But these agents fell in the line of duty, so they will at least get an honorable mention in the HQ at Vauxhall Cross. Sure the Indian press refers to these apostles of democracy as "thugs", but in the corridors of power in London they will receive as much as a minute of respectful silence before the boys more on to their next move against Iran.


President Obama's idea is that when CIA and MI6 agents burn Iranian police cars, the police shouldn't shoot. Oh, no, they should have a kissing party!


Like the one back in 1953.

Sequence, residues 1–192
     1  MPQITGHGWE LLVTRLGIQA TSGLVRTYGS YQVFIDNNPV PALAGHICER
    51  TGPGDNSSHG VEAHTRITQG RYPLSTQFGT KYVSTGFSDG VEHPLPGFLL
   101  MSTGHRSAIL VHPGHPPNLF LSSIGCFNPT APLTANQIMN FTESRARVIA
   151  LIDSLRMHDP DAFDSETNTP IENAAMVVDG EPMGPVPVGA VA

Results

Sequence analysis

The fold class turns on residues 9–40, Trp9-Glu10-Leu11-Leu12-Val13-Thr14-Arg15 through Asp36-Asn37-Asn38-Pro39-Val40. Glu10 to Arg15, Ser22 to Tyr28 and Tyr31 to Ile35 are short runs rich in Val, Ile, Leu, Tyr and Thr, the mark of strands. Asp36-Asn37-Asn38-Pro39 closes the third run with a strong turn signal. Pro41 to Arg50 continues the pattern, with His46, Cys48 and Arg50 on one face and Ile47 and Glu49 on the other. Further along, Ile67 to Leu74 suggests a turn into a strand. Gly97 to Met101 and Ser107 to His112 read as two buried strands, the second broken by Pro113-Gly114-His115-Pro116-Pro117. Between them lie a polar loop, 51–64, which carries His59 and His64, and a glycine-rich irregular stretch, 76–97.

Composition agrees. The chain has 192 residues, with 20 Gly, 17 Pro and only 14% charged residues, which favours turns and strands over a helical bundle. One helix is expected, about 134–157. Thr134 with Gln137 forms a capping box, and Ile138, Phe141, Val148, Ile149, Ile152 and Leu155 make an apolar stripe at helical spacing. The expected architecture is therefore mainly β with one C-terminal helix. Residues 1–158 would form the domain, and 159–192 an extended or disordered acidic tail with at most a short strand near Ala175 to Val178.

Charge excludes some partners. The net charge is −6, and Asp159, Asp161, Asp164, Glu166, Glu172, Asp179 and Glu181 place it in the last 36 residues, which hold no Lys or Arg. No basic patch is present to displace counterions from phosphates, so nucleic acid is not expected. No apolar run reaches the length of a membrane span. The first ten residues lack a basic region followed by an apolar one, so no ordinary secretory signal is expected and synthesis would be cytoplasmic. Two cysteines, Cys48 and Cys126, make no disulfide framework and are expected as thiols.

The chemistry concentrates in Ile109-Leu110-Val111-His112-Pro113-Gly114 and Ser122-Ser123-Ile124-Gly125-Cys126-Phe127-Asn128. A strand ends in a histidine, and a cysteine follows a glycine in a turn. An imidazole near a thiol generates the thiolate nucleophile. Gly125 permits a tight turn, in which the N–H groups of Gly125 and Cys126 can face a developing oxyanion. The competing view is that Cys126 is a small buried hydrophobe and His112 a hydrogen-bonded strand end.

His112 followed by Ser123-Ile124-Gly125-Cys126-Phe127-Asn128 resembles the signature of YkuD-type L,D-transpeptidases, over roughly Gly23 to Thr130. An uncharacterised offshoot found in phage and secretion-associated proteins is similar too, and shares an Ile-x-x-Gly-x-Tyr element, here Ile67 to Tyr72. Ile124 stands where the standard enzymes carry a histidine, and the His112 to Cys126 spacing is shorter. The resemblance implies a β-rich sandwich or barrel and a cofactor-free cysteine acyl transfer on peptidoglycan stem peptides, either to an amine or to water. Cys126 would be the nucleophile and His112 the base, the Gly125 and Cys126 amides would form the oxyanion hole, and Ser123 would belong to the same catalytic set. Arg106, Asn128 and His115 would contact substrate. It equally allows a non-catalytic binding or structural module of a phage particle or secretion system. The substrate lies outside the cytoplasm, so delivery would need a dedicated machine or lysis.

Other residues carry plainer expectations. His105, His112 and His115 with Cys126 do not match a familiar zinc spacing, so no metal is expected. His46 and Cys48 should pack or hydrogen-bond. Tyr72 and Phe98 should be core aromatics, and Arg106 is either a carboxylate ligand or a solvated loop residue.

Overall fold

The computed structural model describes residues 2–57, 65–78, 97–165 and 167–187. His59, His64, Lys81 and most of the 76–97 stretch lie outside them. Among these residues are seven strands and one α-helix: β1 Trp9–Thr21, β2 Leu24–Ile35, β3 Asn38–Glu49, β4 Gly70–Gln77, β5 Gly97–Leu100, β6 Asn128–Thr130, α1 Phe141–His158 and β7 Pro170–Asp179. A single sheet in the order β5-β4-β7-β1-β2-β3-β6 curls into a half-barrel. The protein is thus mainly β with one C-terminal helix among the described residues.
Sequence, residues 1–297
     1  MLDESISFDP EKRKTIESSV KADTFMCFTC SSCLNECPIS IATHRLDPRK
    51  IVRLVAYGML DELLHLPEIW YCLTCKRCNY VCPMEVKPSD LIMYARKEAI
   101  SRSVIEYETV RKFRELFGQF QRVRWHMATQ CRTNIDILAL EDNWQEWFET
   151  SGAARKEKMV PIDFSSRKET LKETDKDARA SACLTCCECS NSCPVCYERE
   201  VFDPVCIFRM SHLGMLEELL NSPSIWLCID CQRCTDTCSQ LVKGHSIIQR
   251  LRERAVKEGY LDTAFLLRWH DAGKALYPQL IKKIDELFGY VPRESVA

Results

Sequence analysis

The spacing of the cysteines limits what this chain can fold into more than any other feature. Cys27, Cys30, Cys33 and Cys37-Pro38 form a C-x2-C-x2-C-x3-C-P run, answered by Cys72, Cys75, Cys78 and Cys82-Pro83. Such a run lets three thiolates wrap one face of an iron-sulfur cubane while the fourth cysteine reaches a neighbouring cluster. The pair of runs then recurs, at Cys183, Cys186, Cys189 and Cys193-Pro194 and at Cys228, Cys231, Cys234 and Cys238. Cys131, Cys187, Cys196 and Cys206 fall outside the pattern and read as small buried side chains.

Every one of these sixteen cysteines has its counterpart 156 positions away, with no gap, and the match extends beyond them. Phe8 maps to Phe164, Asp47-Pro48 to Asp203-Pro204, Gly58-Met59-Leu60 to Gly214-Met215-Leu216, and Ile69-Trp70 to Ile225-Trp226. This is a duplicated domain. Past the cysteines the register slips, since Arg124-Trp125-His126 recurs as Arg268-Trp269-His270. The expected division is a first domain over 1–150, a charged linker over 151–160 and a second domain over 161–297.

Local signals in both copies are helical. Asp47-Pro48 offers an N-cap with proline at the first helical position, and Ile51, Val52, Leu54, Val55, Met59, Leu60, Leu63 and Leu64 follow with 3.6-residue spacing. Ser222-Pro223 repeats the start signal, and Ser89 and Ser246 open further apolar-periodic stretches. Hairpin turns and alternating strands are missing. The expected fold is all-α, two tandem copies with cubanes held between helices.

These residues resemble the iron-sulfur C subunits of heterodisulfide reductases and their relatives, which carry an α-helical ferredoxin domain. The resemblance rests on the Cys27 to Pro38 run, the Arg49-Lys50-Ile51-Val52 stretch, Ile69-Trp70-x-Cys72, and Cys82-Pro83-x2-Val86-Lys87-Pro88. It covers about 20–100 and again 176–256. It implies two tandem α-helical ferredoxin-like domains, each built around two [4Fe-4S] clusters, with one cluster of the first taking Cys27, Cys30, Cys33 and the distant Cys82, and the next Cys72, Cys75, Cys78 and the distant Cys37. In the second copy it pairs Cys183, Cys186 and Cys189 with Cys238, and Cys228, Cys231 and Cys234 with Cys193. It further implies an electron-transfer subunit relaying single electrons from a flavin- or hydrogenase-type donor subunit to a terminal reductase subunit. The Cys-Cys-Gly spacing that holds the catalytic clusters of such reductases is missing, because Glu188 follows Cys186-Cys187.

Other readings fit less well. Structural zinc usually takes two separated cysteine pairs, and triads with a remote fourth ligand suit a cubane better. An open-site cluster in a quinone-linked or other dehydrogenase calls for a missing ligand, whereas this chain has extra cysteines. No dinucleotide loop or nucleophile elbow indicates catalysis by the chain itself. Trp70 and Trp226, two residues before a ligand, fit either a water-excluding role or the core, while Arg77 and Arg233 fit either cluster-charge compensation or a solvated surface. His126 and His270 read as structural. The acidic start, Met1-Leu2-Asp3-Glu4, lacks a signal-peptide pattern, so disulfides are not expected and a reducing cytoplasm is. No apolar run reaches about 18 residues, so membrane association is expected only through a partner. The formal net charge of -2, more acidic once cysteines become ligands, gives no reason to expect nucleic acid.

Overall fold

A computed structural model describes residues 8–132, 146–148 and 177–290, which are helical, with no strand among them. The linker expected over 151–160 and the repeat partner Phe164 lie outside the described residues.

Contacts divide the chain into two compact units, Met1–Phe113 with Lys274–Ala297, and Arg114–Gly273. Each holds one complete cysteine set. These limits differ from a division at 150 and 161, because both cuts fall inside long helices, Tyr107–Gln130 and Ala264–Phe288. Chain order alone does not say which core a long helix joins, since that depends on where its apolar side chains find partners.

"Between 4 and 5 pm Musaddiq’s house was completely encircled. General Riyahi, the chief of staff, had already been arrested in his office. A few hours earlier he had ordered his own deputy, General Kiyani, to lead an army group consisting of an infantry and a tank battalion into the city from lshrat-Abad Barracks which was then on the outskirts of Tehran. The effective deployment of this force could have sealed the fate of the coup. Kiyani ‘was a good man, but he was not up to the task’, as witnessed by Colonel Mumtaz many years afterwards. Here General Daftary played his crucial role. Flanked by a number of rebel officers, he met Kiyani’s force on the outskirts of the city with open arms, begging them not to intervene; there followed a ‘kissing party’, and the entire force was won over." (Homa Katouzian, Musaddiq and the struggle for power in Iran, I.B.Tauris & Co Ltd, 1990, p 192)